Iddings had the good fortune to arrange for his return to the United States on the same ship as Arnold Hague, who was returning from studies in China. Hague was to be his first supervisor at the U.S. Geological Survey, his appointment having been secured by mail through Clarence King. By obtaining a position in the USGS2 Iddings hoped to realize his "highest expectations." During May and June of 1880, he worked as a temporary assistant to Hague at the American Museum of Natural History in New York, where King had "temporarily" stored the rock collections from the 40th Parallel Survey.
Iddings's next assignment with Hague took him to the mining district around Eureka, Nevada, where he mapped igneous rocks. There he shared a tent with Charles D. Walcott, who was later to become director of the U.S. Geological Survey, also assisting him in collecting fossils. As a result of his first field efforts, Iddings developed a very cautious attitude toward naming a rock, especially one where crystals could not be identified by eye. An ideal outcrop of granite with off-shooting dikes led him to think that rock texture was governed by the physical conditions attending solidification. It was twelve years after the fieldwork was completed before his microscopical petrography of the rocks from the Eureka District was published by Hague (1892) as Appendix B. A printed note dated November 1893 that was glued to the first page of the monograph expressed Iddings's dismay over the delayed publication and also the fact that this was "a production of the first year of the writer's work in this field of research, and as such needs no apology." In this appendix the term "phenocryst" was introduced3 to describe the megascopically visible crystals in a fine-grained groundmass of a porphyritic rock, but the term appeared in print earlier (Iddings, 1889). Iddings's part of the monograph is also noteworthy for the method by which he determined the composition of feldspars, a method that was attributed to A. Michel-Lévy4 more than ten years later. He also provided strong evidence for the gradational change in composition of the plagioclases--first proposed by T. Sterry Hunt5 and later attributed to G. Tschermak6--a major concept to which he eventually contributed to its experimental demonstration (Iddings with Day and Allen, 1905). In addition, Iddings described a "red laminated mineral," a common alteration of olivine that was later described as "iddingsite" by Lawson.7 The alteration process became known as "iddingsization."8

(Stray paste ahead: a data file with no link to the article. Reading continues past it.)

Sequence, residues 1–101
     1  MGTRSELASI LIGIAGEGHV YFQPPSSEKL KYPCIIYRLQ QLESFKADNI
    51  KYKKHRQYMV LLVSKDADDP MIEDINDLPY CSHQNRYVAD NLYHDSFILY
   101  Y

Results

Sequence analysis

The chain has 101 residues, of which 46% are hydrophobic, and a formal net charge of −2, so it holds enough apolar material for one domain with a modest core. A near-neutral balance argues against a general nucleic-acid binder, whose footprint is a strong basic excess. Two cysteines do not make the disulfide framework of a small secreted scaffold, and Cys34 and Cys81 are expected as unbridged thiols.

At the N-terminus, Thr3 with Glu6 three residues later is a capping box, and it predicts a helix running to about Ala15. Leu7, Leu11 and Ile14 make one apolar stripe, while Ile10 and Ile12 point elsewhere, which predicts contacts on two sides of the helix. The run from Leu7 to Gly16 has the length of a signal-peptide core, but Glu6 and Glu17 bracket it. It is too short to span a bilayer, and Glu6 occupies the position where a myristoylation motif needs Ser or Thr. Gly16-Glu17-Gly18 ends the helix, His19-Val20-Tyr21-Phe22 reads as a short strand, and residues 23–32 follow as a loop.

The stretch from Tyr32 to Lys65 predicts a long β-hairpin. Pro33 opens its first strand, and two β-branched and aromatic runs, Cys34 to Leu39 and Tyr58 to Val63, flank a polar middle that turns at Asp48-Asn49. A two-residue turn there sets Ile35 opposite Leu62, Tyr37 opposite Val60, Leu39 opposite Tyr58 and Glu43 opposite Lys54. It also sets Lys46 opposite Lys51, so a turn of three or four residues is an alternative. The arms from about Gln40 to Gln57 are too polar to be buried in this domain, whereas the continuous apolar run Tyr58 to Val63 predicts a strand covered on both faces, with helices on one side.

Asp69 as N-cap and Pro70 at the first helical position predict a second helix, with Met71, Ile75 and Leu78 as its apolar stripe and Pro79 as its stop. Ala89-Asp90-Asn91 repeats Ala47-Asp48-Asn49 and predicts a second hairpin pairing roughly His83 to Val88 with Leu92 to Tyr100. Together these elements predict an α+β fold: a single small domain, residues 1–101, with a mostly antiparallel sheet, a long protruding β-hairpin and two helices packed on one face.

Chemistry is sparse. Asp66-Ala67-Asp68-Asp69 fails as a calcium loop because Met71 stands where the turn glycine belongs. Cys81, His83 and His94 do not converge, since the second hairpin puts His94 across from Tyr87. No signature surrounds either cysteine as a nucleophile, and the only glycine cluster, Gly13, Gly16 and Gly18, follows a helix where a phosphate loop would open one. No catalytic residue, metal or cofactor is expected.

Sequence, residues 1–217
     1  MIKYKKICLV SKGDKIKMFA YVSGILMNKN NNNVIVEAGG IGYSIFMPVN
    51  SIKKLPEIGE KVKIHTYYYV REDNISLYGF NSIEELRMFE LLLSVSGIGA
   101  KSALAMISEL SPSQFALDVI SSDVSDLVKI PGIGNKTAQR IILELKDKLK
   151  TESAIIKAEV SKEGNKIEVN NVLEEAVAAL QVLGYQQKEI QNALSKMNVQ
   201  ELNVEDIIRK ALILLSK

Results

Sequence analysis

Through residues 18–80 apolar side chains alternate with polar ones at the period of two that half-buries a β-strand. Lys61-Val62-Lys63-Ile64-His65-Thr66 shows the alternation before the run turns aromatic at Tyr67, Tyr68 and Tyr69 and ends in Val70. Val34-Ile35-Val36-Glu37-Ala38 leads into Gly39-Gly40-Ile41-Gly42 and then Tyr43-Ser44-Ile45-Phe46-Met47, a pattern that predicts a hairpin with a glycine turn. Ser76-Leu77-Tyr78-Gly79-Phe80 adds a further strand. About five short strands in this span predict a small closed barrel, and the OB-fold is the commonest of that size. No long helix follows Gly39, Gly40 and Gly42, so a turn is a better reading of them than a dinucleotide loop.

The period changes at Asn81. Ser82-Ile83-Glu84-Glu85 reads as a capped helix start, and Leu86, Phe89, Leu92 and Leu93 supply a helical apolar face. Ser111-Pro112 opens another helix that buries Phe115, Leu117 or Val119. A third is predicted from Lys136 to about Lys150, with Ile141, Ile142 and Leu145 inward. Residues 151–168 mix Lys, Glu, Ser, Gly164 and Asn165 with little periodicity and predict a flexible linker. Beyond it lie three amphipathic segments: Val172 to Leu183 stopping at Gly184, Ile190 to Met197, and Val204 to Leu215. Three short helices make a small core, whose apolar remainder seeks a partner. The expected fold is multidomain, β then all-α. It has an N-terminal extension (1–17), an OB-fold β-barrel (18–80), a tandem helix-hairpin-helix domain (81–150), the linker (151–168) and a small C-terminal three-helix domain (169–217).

Before returning to the U.S. Geological Survey offices at the American Museum of Natural History in New York, Iddings spent a week with George F. Becker examining the volcanic rocks of the Washoe District, Nevada, previously examined microscopically by Zirkel. While in Virginia City, Nevada, he met Carl Barus, with whom he reviewed the mathematics of certain physical phenomena being studied by Becker. In New York, Hague, Iddings, Walcott, and Becker cooperated on the study of the Eureka and Washoe rocks and fossils as well as those from the earlier 40th Parallel Survey. It was this experience that persuaded Iddings that the most satisfactory way of studying rocks is to examine a large collection of closely related rocks--a philosophy he was to embellish in later years.
Iddings's first paper in print was a description with Hague (1883) of the principal volcanoes of the Sierra and Cascade ranges. They were impressed with the "gradations in the microstructure in the groundmass of rocks of the same mineral composition from a purely glassy form to one wholly crystalline. . . ." The second paper, also with Hague (1884), contained notes on the volcanic rocks of the Great Basin. In it they recognized the chemical relationship between olivine and hypersthene; as the rocks became higher in silica, hypersthene took the place of olivine. Their first attempt at chemico-mineralogical generalization was of exceptional importance and became a major factor in petrologic theory.